shouting out as he went, "Stay! halt! ye merry, jovial crew! I want to
teach you how to treat asses and animals that serve the squires of
knights-errant for steeds."

So loud were the shouts of Don Quixote, that those in the cart heard and
understood them, and, guessing by the words what the speaker's intention
was, Death in an instant jumped out of the cart, and the emperor, the
devil carter and the angel after him, nor did the queen or the god Cupid
stay behind; and all armed themselves with stones and formed in line,
prepared to receive Don Quixote on the points of their pebbles. Don
Quixote, when he saw them drawn up in such a gallant array with uplifted
arms ready for a mighty discharge of stones, checked Rocinante and began
to consider in what way he could attack them with the least danger to
himself. As he halted Sancho came up, and seeing him disposed to attack
this well-ordered squadron, said to him, "It would be the height of
madness to attempt such an enterprise; remember, senor, that against sops
from the brook, and plenty of them, there is no defensive armour in the
world, except to stow oneself away under a brass bell; and besides, one
should remember that it is rashness, and not valour, for a single man to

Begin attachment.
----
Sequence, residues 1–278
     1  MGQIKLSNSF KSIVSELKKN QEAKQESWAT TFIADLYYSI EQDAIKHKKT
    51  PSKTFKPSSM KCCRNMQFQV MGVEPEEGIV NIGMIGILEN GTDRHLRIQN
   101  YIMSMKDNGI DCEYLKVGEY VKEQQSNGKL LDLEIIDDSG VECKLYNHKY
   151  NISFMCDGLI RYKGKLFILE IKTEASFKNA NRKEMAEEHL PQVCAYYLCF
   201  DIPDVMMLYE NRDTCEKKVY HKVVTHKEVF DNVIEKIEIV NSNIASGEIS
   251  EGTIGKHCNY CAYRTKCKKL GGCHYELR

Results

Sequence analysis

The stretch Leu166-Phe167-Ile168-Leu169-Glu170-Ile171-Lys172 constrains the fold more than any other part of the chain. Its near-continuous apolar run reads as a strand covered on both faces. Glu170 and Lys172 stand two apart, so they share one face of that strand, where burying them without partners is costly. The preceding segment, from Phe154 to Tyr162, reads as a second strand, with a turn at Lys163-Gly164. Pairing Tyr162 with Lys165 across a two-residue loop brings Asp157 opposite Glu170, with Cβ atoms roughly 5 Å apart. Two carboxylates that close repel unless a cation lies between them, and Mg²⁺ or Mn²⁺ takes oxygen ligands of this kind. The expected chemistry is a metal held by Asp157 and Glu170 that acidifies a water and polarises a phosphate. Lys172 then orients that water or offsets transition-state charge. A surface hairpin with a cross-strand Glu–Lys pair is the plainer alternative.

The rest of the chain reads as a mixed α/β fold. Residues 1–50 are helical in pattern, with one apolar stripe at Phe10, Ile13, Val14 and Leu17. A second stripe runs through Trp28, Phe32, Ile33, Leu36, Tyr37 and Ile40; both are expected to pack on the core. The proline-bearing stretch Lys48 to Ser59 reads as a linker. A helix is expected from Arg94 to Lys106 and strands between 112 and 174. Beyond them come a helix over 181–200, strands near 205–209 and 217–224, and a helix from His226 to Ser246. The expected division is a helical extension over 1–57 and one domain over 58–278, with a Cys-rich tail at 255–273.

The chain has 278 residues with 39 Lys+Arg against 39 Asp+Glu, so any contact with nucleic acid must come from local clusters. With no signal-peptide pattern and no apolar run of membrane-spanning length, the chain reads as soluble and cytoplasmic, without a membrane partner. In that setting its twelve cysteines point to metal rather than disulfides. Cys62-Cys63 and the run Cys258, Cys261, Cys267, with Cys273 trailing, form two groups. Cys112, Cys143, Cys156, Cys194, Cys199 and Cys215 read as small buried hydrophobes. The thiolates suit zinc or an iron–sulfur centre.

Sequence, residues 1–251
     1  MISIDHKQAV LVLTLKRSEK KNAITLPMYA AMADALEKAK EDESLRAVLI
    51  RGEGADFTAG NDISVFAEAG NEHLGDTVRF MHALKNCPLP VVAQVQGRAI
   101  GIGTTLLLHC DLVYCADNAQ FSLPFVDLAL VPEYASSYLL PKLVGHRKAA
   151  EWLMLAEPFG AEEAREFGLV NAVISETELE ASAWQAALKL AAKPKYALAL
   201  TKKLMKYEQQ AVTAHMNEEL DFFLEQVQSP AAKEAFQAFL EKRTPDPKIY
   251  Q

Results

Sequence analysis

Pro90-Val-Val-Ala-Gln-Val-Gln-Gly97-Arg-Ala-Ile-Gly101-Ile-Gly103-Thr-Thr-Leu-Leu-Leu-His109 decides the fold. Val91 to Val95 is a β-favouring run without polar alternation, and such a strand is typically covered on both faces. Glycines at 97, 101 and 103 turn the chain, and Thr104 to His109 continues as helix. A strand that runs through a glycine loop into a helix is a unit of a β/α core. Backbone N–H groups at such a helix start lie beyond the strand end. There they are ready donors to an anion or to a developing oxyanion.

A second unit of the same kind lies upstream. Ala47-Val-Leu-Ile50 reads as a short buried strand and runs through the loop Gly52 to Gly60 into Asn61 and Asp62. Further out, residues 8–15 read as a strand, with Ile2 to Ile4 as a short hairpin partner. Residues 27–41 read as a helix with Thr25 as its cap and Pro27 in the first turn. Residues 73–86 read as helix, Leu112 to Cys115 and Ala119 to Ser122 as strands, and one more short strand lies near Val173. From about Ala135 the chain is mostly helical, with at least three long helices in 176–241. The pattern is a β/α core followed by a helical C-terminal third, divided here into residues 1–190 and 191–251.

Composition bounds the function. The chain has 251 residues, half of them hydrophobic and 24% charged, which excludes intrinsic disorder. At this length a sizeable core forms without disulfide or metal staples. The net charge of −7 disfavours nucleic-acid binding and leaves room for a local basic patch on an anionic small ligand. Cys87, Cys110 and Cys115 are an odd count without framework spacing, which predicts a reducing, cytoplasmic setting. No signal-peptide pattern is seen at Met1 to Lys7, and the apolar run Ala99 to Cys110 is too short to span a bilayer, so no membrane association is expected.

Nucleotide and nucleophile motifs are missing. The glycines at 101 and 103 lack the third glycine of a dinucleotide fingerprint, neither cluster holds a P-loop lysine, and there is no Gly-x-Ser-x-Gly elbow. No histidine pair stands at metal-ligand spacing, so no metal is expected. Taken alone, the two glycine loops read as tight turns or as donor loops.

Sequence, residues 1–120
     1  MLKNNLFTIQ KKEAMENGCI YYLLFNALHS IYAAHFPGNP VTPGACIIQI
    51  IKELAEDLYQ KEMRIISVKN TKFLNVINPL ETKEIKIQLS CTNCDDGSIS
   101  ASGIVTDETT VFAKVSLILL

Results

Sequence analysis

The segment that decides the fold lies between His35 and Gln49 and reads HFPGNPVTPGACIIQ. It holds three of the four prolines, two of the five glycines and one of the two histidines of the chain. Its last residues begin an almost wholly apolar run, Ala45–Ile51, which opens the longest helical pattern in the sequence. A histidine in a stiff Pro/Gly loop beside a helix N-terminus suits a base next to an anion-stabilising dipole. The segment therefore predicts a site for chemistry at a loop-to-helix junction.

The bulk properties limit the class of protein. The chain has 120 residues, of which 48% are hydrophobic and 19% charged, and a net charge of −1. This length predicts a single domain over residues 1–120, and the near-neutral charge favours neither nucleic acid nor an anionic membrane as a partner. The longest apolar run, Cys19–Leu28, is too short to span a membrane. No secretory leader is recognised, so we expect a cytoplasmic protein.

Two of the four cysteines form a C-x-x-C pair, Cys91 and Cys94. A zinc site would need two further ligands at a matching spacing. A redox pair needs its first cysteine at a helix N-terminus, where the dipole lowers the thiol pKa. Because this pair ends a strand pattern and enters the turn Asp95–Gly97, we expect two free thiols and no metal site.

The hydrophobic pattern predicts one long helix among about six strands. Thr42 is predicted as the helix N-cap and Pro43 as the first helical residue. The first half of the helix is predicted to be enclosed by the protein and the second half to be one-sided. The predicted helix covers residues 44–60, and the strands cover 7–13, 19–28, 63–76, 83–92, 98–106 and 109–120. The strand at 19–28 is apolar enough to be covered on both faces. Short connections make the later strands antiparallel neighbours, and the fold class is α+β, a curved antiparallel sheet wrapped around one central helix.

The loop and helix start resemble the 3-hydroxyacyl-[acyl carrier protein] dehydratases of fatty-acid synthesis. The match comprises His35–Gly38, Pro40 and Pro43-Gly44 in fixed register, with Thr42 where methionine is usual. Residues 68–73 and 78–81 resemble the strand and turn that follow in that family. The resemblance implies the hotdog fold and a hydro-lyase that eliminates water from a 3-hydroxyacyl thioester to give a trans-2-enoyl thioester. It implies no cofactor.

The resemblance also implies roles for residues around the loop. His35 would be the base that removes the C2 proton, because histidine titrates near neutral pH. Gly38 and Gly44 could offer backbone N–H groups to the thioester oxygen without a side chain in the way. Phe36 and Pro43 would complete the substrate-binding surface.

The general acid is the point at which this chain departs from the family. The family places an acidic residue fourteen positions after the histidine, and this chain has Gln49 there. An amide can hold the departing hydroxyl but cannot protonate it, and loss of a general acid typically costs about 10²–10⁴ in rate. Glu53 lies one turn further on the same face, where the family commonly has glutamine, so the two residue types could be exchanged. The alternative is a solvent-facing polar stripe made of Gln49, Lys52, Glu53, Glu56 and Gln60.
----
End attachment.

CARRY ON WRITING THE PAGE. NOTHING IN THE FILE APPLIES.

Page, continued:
attack an army that has Death in it, and where emperors fight in person,
with angels, good and bad, to help them; and if this reflection will not
make you keep quiet, perhaps it will to know for certain that among all
these, though they look like kings, princes, and emperors, there is not a
single knight-errant."

"Now indeed thou hast hit the point, Sancho," said Don Quixote, "which
may and should turn me from the resolution I had already formed. I cannot
and must not draw sword, as I have many a time before told thee, against
anyone who is not a dubbed knight; it is for thee, Sancho, if thou wilt,
to take vengeance for the wrong done to thy Dapple; and I will help thee
from here by shouts and salutary counsels."

"There is no occasion to take vengeance on anyone, senor," replied
Sancho; "for it is not the part of good Christians to revenge wrongs; and
besides, I will arrange it with my ass to leave his grievance to my
good-will and pleasure, and that is to live in peace as long as heaven
grants me life."

"Well," said Don Quixote, "if that be thy determination, good Sancho,
sensible Sancho, Christian Sancho, honest Sancho, let us leave these
phantoms alone and turn to the pursuit of better and worthier adventures;
for, from what I see of this country, we cannot fail to find plenty of
marvellous ones in it."

He at once wheeled about, Sancho ran to take possession of his Dapple,
Death and his flying squadron returned to their cart and pursued their
journey, and thus the dread adventure of the cart of Death ended happily,
thanks to the advice Sancho gave his master; who had, the following day,
a fresh adventure, of no less thrilling interest than the last, with an
enamoured knight-errant.